№15 (May - June 2020)
Belarus and Russia were focused on their respective internal challenges; certain stabilization of the relationship was visible, albeit with no revision of the terms of Russian crude oil and natural gas supplies.
The pandemic remains the key driver in Belarus’s relations with the European Union. The second important factor is the presidential campaign in Belarus, which started to have a markedly negative impact on the Belarus–EU relationship as early as its initial phase.
The areas of engagement with China expanded compared with the previous period; humanitarian cooperation remained highly relevant.
Trade and economic relations with the U.S. are also on the rise. For the first time, a tanker of U.S. crude oil was delivered for processing in Belarus. This foreign policy area is also beginning to be influenced by the presidential campaign, though.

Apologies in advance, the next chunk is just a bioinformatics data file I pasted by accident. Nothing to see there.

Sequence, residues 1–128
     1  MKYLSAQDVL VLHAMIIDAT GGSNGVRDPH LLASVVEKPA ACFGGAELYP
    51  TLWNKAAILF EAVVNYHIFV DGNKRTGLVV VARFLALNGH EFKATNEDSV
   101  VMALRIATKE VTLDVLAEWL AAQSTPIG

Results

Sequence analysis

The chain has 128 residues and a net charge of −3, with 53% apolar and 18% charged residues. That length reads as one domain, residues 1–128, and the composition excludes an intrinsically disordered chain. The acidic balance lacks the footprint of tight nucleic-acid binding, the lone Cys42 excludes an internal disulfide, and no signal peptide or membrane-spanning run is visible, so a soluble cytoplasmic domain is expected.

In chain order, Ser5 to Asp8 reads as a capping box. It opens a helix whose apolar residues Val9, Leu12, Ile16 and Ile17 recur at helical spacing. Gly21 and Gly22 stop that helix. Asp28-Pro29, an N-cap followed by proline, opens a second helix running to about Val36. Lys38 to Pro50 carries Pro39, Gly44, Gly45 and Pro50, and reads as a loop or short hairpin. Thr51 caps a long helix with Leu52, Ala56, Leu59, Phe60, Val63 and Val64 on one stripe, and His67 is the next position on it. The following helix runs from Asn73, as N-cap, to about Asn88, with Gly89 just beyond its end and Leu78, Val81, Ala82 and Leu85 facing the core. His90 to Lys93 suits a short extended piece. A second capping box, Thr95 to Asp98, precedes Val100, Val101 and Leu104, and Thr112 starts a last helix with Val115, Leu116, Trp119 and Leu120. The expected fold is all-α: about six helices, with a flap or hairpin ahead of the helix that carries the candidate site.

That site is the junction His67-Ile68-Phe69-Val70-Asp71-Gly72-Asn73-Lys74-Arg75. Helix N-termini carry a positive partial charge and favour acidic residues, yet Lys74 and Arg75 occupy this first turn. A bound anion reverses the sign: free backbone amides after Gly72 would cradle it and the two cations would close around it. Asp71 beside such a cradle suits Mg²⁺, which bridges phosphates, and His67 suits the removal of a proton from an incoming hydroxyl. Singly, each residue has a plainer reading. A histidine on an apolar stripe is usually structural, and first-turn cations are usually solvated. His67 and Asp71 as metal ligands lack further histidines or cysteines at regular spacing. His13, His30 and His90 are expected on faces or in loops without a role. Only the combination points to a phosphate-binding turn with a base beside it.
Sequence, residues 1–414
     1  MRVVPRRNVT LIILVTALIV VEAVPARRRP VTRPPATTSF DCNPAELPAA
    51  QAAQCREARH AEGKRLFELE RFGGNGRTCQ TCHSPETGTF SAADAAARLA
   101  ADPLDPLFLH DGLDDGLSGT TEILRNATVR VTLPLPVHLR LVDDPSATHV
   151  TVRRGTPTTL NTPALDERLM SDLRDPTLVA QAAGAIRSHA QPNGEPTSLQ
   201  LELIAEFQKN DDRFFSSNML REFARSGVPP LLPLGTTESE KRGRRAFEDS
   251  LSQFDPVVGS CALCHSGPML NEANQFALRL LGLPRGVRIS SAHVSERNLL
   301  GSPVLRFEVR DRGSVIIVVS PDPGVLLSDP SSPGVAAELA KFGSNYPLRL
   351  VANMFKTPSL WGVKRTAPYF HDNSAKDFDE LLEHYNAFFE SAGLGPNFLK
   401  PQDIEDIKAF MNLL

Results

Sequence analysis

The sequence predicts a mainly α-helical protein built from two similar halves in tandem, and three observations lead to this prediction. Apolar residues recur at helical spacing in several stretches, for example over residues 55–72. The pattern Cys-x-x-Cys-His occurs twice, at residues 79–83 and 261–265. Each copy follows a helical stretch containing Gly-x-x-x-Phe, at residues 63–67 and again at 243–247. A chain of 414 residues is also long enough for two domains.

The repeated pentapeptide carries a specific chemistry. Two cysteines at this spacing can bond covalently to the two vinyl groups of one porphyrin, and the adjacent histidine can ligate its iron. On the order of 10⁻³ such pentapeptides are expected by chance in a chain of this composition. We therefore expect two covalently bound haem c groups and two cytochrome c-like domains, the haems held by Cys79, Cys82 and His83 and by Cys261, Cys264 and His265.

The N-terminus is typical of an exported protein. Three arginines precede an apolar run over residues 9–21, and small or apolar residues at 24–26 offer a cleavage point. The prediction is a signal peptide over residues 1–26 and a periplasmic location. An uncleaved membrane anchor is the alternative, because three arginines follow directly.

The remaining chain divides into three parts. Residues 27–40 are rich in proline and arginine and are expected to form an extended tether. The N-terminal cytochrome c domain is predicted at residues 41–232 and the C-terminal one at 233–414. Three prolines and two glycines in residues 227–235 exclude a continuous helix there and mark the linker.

The regional security situation has deteriorated. The Belarusian state was a lot less concerned about military security, whereas in terms of national security, a new trend emerged towards linking the elections to national security. This leads to the growing importance of security agencies in Belarusian politics. Against the backdrop of the country’s complicated relationship with the Kremlin, Minsk was working to maintain diversification of international military ties.